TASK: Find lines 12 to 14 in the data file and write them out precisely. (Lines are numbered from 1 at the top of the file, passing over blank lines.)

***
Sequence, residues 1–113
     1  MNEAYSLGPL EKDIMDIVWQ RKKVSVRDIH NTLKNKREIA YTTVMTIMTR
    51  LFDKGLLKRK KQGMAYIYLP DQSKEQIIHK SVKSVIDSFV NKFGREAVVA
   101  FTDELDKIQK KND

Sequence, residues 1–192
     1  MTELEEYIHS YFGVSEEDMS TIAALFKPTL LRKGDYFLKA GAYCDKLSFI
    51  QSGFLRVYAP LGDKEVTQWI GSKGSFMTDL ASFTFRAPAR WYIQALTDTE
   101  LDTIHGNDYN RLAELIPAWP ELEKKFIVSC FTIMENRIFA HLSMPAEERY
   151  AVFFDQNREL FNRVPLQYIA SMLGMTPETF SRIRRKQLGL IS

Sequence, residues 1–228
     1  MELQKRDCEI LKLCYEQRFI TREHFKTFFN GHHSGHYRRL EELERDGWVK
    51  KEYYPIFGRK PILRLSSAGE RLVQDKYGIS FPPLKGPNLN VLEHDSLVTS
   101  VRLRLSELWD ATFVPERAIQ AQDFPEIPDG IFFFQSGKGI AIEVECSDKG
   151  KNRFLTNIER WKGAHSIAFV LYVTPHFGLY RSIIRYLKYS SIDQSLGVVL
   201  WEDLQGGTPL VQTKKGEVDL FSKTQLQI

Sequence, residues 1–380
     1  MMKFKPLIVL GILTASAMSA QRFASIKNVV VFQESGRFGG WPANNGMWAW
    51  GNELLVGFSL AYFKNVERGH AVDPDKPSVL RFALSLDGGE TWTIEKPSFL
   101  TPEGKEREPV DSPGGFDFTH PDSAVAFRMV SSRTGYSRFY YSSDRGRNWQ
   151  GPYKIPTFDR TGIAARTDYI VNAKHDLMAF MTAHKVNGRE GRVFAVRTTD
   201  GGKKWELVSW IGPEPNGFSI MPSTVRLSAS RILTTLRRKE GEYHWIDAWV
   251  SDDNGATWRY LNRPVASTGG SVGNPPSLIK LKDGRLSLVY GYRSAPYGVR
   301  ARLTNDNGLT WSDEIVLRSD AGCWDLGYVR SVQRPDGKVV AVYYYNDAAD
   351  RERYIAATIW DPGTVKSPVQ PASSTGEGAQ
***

    51  KEYYPIFGRK PILRLSSAGE RLVQDKYGIS FPPLKGPNLN VLEHDSLVTS
   101  VRLRLSELWD ATFVPERAIQ AQDFPEIPDG IFFFQSGKGI AIEVECSDKG
   151  KNRFLTNIER WKGAHSIAFV LYVTPHFGLY RSIIRYLKYS SIDQSLGVVL